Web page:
You must store the log records, and the inspection report records, and present it both to law enforcement as well as in the time of a carrier audit.
Does the Pre-2000 Exemption Apply to Model Year or Date of Manufacture?
When the ELD mandate was first released, there was discussion in the media about whether an exception for pre-2000 vehicles referred to model year or date of manufacture. On their website, the FMCSA clarifies that the exception applies to the vehicle’s model year, as indicated in the Vehicle Identification Number (VIN).
Is it possible to gain an exemption by using a glider kit (new cab and chassis) with an older engine and vehicle components? No, absolutely not. The FMCSA states that any vehicles with a model year of 2000 or newer fall under the ELD mandate — that’s chassis year, not engine.
Do Small Carriers Need to Comply with the ELD Rule?
Two surveys last year showed that small carriers are more reluctant to make the move to ELDs. A Transplace survey of more than 400 carriers found that only 33% of small fleets (with less than 250 trucks) had fully installed ELDs, while 38% had “no immediate plans to begin implementation.”
In Land Line magazine, Tyson Fisher reports on a TruckStop.com survey of over 1,000 trucking operators (majority of those owning one to five trucks) which found that 84% had not yet purchased or installed an electronic logging device.
Again, carriers and drivers who are required to maintain RODS, and do not fall under any of the above exceptions, are subject to the ELD rule.
Could a Pickup Truck or Small Vehicle Qualify as a Commercial Motor Vehicle?
The answer to this question on ELD exemptions is related to the Gross Vehicle Weight Rating (GVWR) and Gross Combination Weight Rating (GCWR).
Gross Vehicle Weight Rating (GVWR) Vs. Gross Combination Weight Rating (GCWR):
GVWR is defined as the maximum operating weight of a vehicle as set by the manufacturer including the vehicle itself (chassis, body, engine, engine fluids, fuel and accessories), including the weight of the driver, passengers, and cargo. GCWR is the manufacturer’s specified maximum weight for a vehicle that is towing a trailer (includes the weight of the vehicle, driver, passengers and cargo, plus the attached trailer with load).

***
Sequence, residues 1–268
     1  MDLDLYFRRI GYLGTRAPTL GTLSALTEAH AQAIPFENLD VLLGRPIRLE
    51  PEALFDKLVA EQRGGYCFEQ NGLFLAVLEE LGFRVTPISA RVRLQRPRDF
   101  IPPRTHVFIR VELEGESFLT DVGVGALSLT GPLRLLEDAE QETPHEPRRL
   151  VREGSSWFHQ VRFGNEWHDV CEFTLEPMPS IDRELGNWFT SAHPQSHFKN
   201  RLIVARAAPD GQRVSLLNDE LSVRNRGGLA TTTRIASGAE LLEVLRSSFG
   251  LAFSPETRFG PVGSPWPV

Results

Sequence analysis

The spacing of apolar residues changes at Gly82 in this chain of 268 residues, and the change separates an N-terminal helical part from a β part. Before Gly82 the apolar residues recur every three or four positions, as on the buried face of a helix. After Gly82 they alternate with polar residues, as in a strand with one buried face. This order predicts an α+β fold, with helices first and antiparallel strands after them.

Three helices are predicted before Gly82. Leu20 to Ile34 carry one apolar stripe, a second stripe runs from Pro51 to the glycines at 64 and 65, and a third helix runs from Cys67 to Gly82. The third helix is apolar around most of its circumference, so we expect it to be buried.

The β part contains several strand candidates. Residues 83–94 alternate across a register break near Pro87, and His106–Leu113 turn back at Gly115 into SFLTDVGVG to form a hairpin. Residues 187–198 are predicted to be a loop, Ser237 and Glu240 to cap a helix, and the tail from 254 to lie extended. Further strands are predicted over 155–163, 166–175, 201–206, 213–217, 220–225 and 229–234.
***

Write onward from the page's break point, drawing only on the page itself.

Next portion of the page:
Vehicles are often specialized to deliver different types of goods. Semi-trailers can be outfitted with various trailers such as box trailers, flatbeds, car carriers, tanks, and other specialized trailers. Dump trucks and concrete mixers are examples of vehicles specialized for delivery of specific types of goods.
If the GVWR/GCWR of the truck, load, and any trailer (inclusive of load) you are transporting at any point in time exceeds the 10,001 pounds or greater definition of CMV found in §390.5, it will become a CMV. That vehicle would be regulated empty or loaded.
When you find your vehicle, even if it’s a pickup, is now classified as a CMV, the driver of the vehicle must comply with the hours of service regulations. During the time you meet the criteria of a CMV, you need to obey all regulations, which may include stopping at roadside inspection stations or having U.S. Department of Transportation (U.S. DOT) markings on the side of the truck.
ELD Compliance Brings Benefits to Motor Carriers
The first compliance deadline is quickly approaching. Carriers and drivers currently using paper logs (or logging software) must switch to ELDs by December 18, 2017. The time to research ELD compliance solutions is now. Adopting ELDs offer so many benefits, such as driver safety and fuel usage monitoring, to name two. Not complying with the rule is just not worth the risk.
E-Logs: New Opportunities for Trucking
IFTA Reporting and the ELD Mandate
Remote Diagnostics for Commercial Trucks